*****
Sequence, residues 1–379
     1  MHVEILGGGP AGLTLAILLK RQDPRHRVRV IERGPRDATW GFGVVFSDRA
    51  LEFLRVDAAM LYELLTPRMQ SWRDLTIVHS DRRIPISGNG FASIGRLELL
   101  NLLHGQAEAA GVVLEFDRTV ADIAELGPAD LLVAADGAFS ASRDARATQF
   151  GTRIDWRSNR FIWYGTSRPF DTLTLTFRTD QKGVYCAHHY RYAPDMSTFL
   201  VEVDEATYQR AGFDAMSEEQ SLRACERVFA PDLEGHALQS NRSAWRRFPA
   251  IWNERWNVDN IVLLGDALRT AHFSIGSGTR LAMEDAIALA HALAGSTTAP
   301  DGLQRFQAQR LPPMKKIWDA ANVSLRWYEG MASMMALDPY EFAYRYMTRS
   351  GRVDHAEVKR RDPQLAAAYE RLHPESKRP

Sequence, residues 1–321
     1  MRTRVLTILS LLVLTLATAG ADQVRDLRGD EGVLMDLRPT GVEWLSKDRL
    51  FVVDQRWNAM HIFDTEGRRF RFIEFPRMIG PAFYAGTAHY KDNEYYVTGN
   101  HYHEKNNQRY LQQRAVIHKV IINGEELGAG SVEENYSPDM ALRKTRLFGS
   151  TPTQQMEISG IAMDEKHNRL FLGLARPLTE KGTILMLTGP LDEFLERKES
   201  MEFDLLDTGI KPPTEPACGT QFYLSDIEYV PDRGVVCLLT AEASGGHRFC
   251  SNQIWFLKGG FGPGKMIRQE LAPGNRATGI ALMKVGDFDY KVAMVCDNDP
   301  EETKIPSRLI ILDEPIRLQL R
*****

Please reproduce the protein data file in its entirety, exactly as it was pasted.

Sequence, residues 1–379
     1  MHVEILGGGP AGLTLAILLK RQDPRHRVRV IERGPRDATW GFGVVFSDRA
    51  LEFLRVDAAM LYELLTPRMQ SWRDLTIVHS DRRIPISGNG FASIGRLELL
   101  NLLHGQAEAA GVVLEFDRTV ADIAELGPAD LLVAADGAFS ASRDARATQF
   151  GTRIDWRSNR FIWYGTSRPF DTLTLTFRTD QKGVYCAHHY RYAPDMSTFL
   201  VEVDEATYQR AGFDAMSEEQ SLRACERVFA PDLEGHALQS NRSAWRRFPA
   251  IWNERWNVDN IVLLGDALRT AHFSIGSGTR LAMEDAIALA HALAGSTTAP
   301  DGLQRFQAQR LPPMKKIWDA ANVSLRWYEG MASMMALDPY EFAYRYMTRS
   351  GRVDHAEVKR RDPQLAAAYE RLHPESKRP

Sequence, residues 1–321
     1  MRTRVLTILS LLVLTLATAG ADQVRDLRGD EGVLMDLRPT GVEWLSKDRL
    51  FVVDQRWNAM HIFDTEGRRF RFIEFPRMIG PAFYAGTAHY KDNEYYVTGN
   101  HYHEKNNQRY LQQRAVIHKV IINGEELGAG SVEENYSPDM ALRKTRLFGS
   151  TPTQQMEISG IAMDEKHNRL FLGLARPLTE KGTILMLTGP LDEFLERKES
   201  MEFDLLDTGI KPPTEPACGT QFYLSDIEYV PDRGVVCLLT AEASGGHRFC
   251  SNQIWFLKGG FGPGKMIRQE LAPGNRATGI ALMKVGDFDY KVAMVCDNDP
   301  EETKIPSRLI ILDEPIRLQL R